As I put yet another load of Oscar's school uniform in the wash I still can't believe that he is now at school, or a 'schooley' as we affectionally like to call him.
The path to choosing a school for Oscar was not an easy one.
When we first got Oscar's diagnosis we were adamant that Oscar would go to mainstream school and not a specialist school.
We would do everything it took to get whatever he needed so he could attend mainstream. Oscar would need a statement of special educational needs as he has severe physical disabilities as well as learning difficulties and would require one-on-one supervision. The statement ensures that everything that Oscar needs is in place before he goes to school and if he went to mainstream they would have to provide these provisions for Oscar.
As time went on though it was glaringly obvious that Oscar was well behind his peers and in my heart of hearts I knew that mainstream was probably not going to be the right choice. Also, it wasn't really about what me and Neal desperately wanted, it was what was going to be 'best' for Oscar.
We went to look at both local mainstream school and the specialist schools.
We went to the primary school that I attended (which was surreal in itself) and it was lovely. It had just been renovated, had disabled access and was light, bright and clean. There was just one big problem. They did not have any other disabled children at all. So in effect Oscar would have been the 'guinea pig' as what experience did they have for managing a child with such complex needs?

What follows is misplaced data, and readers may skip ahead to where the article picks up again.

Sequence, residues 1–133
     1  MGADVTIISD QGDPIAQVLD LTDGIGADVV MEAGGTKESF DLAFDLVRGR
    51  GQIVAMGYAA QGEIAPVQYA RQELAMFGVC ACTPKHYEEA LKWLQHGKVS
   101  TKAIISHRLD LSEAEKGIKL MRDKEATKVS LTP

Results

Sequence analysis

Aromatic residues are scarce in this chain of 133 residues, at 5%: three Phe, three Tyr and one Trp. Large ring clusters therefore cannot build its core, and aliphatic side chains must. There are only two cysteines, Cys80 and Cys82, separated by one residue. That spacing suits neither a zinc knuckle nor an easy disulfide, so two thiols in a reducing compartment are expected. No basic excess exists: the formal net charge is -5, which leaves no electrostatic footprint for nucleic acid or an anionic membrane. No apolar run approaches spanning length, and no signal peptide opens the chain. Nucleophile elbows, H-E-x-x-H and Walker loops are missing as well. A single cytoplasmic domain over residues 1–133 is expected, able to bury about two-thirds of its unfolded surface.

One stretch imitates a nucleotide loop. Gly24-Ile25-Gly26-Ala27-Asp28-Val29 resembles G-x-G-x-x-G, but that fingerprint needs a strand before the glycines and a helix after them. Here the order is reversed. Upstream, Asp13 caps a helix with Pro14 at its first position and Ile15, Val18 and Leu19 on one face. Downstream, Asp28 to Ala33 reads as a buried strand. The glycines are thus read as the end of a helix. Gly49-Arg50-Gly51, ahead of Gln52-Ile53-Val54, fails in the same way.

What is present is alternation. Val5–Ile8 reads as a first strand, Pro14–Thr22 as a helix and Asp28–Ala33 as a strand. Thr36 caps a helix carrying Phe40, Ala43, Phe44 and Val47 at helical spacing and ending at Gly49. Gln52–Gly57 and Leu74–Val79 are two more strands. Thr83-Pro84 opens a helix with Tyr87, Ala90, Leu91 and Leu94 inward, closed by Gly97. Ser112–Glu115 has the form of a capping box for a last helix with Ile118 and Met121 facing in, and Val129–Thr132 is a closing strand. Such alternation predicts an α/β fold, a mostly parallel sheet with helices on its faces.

We looked at another mainstream school which we knew did have a disabled child, but after looking round we did not get the same feel as we did with the first school and knew it was not for Oscar.
Then, we went and had a look at the specialist schools in our area.
The first specialist school catered more for children with autism. The school was nice enough in itself and the children were kind and happy and asked us questions about Oscar, but there were no children there with the physical disabilities that Oscar has.
Then we went to visit another specialist school and from setting foot through the door, we knew that this was the school for Oscar.
The staff were friendly and had the specialist training and experience of dealing with children with complex needs. They included Oscar in the lessons although we were only visiting. The school had sensory rooms, ball pools, ICT, physiotherapy, rebound therapy, speech and language therapy, occupational therapy and even had a hydrotherapy pool. It was everything we could have hoped for and more.
The most important thing we noticed though was that all the children were well looked after and were happy.
Thankfully, we managed to get Oscar into this school and we have not looked back.
As Oscar is fast approaching the end of his first term, he has already stunned us and school staff by saying 'hello' three times and has also said 'one' whilst doing numeracy.
Although, we have had the odd word out of Oscar in the past this is a massive achievement and we are so proud of him.
If the school can achieve that in a term, I cannot wait to see what happens in the years to come.
Does your child have an autism diagnosis?